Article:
When an unstoppable Borg plague breaks out upon Earth, blame quickly falls on the newly returned crew of the Starship Voyage . Did Kathryn Janeway and the others unknowingly carry this insidious infection back with them? Many in Starfleet think so, and Seven of Nine, in particular, falls under a cloud of suspicion.
Now, with a little help from the Starship Enterprise , Admiral Janeway must reunite her crew in a desperate, last-ditch attempt to discover the true source of the contagion and save Earth itself from total assimilation into a voracious new Borg Collective.
But time is running out.
Has Voyager come home only to witness humanity's end?
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Pocket Books/Star Trek
June 05, 2003
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Excerpt from The Star Trek: Voyager: Farther Shore by Christie Golden
The water was hardly inviting. Its surface was coated with some kind of algae and it smelled faintly of decay. Nonetheless, B'Elanna Torres scooped up the water with her hands and drank deeply.
It had been almost a week since she had first stepped out on trembling legs into the wilderness of Boreth. Her first instinct had been to wash off the sticky, foul-smelling combination of ash and blood that coated her body. However, it had taken her some time to find water, and by then, she had changed her mind.
The coating that the priestesses had smeared all over her naked body as part of her ordeal had distinct and important advantages as well as disadvantages. The vile stuff prevented insects from bothering her, and in this tropical climate, they were thick as, well, flies. It also helped protect her skin from the merciless rays of the sun, and even provided a sort of insulation during the chillier night. And when she walked right past a grazing maasklak, an unexpected encounter that had startled them both, she realized that it helped mask her scent as well.
She imagined rolling in feces would produce a similar effect, and frankly, she wasn't sure that she wouldn't prefer the latter. It had taken nearly two days before her nose had become inured to her own reek. But here in this place, she realized she needed every edge she could find.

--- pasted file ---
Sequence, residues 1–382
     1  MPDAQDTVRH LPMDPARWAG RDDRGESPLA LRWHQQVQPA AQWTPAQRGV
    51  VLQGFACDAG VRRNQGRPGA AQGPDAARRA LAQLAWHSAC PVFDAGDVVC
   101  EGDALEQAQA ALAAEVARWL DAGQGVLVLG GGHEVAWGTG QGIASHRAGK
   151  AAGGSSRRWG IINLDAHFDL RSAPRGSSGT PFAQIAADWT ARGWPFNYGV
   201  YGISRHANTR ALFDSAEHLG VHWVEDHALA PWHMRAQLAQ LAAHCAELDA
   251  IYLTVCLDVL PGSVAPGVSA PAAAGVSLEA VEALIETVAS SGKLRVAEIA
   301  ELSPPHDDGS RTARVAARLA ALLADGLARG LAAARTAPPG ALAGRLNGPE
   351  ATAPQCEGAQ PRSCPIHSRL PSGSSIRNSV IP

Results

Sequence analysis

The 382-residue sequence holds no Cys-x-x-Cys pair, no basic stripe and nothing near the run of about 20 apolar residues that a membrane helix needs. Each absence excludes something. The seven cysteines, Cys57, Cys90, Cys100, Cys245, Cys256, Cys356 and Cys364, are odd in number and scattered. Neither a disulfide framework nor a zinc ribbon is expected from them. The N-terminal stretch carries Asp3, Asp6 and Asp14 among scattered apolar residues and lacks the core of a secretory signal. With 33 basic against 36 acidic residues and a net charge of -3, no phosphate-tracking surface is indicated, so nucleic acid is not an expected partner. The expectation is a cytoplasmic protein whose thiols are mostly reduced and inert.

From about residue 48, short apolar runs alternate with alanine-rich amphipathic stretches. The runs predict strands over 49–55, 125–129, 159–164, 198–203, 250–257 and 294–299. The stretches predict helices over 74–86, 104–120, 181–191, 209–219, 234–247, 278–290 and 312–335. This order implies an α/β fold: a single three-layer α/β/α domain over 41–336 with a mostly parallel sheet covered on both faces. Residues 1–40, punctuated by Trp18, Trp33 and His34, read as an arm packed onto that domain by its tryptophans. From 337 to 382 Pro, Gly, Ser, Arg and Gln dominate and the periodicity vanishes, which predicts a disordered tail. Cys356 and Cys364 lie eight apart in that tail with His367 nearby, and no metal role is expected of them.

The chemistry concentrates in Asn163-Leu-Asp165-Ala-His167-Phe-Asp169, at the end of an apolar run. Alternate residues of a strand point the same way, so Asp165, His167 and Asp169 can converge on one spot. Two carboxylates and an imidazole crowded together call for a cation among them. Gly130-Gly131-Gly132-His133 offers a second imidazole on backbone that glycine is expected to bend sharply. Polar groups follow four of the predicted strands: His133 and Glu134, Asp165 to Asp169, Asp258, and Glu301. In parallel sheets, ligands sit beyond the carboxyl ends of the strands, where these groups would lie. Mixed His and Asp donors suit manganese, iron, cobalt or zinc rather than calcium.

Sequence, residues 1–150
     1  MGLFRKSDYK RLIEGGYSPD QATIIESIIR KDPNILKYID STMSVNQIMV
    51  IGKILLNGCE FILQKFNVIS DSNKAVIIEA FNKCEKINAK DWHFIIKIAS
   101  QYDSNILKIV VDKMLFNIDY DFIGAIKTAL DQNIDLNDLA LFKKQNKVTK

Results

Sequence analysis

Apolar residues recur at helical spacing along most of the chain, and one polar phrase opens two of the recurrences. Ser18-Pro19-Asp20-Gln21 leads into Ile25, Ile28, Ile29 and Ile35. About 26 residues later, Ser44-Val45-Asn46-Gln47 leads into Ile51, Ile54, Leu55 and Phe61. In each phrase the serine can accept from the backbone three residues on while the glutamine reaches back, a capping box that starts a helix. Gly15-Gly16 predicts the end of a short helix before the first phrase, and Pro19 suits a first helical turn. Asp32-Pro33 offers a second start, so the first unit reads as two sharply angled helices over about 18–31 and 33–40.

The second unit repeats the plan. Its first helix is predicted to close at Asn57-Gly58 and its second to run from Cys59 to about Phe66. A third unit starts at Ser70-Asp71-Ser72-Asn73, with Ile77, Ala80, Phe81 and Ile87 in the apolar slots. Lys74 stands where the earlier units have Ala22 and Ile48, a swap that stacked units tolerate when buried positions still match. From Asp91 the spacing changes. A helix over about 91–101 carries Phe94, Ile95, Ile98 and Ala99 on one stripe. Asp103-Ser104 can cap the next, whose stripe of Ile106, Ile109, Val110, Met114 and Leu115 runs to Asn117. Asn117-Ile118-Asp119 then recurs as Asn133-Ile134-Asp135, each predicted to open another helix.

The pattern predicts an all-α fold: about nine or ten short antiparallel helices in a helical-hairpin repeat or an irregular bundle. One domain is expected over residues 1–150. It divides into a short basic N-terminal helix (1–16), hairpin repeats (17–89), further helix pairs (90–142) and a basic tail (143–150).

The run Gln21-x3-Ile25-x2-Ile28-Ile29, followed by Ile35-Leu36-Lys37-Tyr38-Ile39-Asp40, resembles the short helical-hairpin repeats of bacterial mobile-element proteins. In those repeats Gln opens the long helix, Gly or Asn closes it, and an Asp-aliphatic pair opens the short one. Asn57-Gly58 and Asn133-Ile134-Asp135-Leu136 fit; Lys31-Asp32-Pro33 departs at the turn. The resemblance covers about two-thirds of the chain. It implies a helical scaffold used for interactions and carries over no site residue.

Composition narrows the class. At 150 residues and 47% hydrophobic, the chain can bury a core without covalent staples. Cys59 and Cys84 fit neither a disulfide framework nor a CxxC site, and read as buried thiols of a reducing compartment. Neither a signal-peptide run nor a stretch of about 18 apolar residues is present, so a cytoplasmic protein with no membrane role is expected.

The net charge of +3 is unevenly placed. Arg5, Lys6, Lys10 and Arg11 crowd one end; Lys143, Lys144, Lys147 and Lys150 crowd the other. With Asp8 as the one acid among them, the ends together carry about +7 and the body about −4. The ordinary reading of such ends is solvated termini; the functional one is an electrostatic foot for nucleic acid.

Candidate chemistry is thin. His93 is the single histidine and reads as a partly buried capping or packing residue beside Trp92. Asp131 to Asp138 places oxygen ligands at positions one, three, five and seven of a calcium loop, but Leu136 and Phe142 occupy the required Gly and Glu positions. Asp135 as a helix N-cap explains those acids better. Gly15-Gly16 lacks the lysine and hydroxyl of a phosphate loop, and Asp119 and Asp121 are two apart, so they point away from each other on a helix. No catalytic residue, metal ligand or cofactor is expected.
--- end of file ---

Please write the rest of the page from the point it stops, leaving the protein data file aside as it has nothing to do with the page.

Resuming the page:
B'Elanna hadn't been overly worried at first. Starfleet was quite thorough in training its cadets to handle emergency situations, and she had certainly had enough experience thinking on her feet in the seven years she'd spent on Voyager. But Starfleet had also tended to assume that when one crash-landed on an inhospitable planet, one would usually have one's emergency medical kit, phasers, and so on. At the very least, they'd assumed one would have clothes.
B'Elanna had nothing but her own two hands and her wit.
One of the first things she had done was to find water. She dimly remembered something about a few of Boreth's plants that weren't deadly, and began to forage berries, fruits, and edible tubers and roots. After about day two, she'd overcome her repugnance sufficiently to add insects to her diet. Making fire was easy -- she'd always had a knack for it and teased Chakotay about it mercilessly.
She had two goals that were occasionally in conflict with one another. The first was to simply stay alive and as healthy as was possible given the circumstances. The second was to keep moving in the direction her mother had indicated on the map. Both were challenging, but the latter more so. With no compass and a complete unfamiliarity with the terrain and even the stars that speckled the sky that arched over this world, Torres had very little frame of reference.
The map had indicated that Miral would be waiting for her somewhere to the northeast of the temple. Torres had wasted two precious days traveling in the wrong direction before she remembered that Boreth's sun rose in the south and traveled north during the day. Upon realizing her mistake, B'Elanna Torres raged with a fury that would have impressed Logt, had she been witness to it.
Her redundant organs were serving her well during this time of extreme physical duress. She recalled the conversation she had with the Doctor, when he had argued as persuasively as he was capable of doing in favor of the extra lung and other organs little Miral would have. Humans would have had a very difficult time of this, and even she, half-human as she was, fell into exhausted slumber at the end of every day.